As New York's Off-Broadway theatres prepare to usher in their spring productions, here's a look at some of the winter shows wrapping up performances this weekend.
In alphabetical order:
March 31: The Wooster Group's The B-Side: “Negro Folklore from Texas State Prisons,” A Record Album Interpretation plays its final performance at St. Ann's Warehouse. Co-created by and starring Eric Berryman, the show is an original performance piece based on a 1965 LP of work songs, blues, and spirituals recorded by inmates in Texas’ segregated agricultural prison farms.
March 31: "Daddy," the second world premiere from Slave Play playwright Jeremy O. Harris, wraps up its limited run at the Signature Center. Ronald Peet stars as a young artist who forms an irresistible bond with an older art collector, played by Alan Cumming. The co-production from The New Group and The Vineyard is directed by Danya Taymor.
March 31: Gloria: A Life, a new play by Emily Mann detailing the life and legacy of Gloria Steinem, ends its acclaimed, extended run at the Daryl Roth Theatre.
March 31: The world premiere of Hatefuck by Rehana Lew Mirza, directed by Adrienne Campbell-Holt, ends at WP Theater. The play follows the collision—and attraction—between Layla, a literature professor, and Imran, a novelist she accuses of trading in anti-Muslim stereotypes. The production is a co-effort from WP, Colt Coeur, and Abingdon Theatre Company.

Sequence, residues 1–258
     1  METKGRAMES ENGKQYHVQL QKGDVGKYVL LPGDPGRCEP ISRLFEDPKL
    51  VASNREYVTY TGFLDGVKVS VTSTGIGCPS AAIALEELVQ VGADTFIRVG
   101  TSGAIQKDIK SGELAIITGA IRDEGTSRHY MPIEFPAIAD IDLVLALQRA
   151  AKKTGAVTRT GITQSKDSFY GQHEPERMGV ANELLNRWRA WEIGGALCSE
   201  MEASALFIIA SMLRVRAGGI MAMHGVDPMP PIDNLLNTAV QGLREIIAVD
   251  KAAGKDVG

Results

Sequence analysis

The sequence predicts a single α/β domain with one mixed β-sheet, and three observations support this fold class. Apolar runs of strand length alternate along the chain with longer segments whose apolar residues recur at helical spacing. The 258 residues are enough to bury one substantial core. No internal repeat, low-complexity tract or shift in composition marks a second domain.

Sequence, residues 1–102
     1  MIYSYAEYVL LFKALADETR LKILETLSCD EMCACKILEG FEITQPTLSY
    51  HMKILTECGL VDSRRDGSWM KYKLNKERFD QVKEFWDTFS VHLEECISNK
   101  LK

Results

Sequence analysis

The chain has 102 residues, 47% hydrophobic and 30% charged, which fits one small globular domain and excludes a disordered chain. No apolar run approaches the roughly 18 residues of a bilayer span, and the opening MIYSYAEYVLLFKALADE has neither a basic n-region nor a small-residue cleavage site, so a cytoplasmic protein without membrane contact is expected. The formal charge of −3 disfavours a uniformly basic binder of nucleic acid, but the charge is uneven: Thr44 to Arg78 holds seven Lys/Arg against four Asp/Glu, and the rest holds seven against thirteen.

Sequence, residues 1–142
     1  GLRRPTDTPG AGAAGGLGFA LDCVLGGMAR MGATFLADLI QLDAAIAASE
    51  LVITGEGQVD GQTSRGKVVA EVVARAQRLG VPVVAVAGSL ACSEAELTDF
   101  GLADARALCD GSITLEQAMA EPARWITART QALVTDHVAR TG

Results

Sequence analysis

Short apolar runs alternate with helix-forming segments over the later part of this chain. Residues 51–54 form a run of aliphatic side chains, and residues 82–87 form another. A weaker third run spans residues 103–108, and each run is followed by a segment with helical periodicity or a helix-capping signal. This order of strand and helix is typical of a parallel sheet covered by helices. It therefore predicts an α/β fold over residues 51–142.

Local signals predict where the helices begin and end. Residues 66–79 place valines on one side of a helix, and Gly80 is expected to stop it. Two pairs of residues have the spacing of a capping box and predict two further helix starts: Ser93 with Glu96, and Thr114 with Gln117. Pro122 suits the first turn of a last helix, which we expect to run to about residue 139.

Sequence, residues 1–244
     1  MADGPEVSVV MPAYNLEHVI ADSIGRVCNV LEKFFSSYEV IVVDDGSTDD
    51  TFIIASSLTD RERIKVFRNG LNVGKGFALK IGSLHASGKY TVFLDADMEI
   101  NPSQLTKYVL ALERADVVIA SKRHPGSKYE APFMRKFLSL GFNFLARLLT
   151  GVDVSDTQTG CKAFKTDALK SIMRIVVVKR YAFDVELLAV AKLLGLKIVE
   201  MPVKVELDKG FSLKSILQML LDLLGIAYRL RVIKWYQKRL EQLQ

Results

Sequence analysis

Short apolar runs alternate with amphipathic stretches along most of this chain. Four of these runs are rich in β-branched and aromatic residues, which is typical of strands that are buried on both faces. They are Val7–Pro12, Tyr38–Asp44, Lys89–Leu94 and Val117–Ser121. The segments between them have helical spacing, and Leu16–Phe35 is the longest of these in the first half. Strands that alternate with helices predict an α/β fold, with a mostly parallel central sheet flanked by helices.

March 31: Tori Sampson’s Susan Smith Blackburn Prize finalist, If Pretty Hurts Ugly Must Be a Muhfucka, concludes its world-premiere engagement in Playwrights Horizons’ Mainstage Theatre. Directed by Leah C. Gardiner and choreographed by Raja Feather Kelly, the contemporary riff on a West African fable brims with live music and dance.
March 31: The Public Theater wraps up performances of Sea Wall / A Life, a double-bill of solo plays presented in a single evening in the Newman Theater. In Nick Payne's A Life, Oscar nominee Jake Gyllenhaal presents an emotional examination of how sons become fathers; and in Simon Stephens' Sea Wall, Tony nominee Tom Sturridge explores love and the human need to know the unknowable. Both monologue plays are directed by Carrie Cracknell.
March 31: Second Stage Theater concludes its extended premiere run of the new musical Superhero. Tony and Pulitzer Prize-winning composer and lyricist Tom Kitt (Next to Normal, If/Then) and Tony-winning writer John Logan (Red) unite to tell a story about a fractured family, a mysterious stranger, and an unexpected hero. Jason Moore directs a cast led by Tony nominees Kate Baldwin and Bryce Pinkham.
March 31: Bekah Brunstetter’s The Cake concludes its Off-Broadway premiere at Manhattan Theatre Club, directed by Artistic Director Lynne Meadow. Debra Jo Rupp stars as a North Carolina baker who’s forced to re-examine her deeply held beliefs when asked to make a cake for a lesbian wedding. Performances are at New York City Center.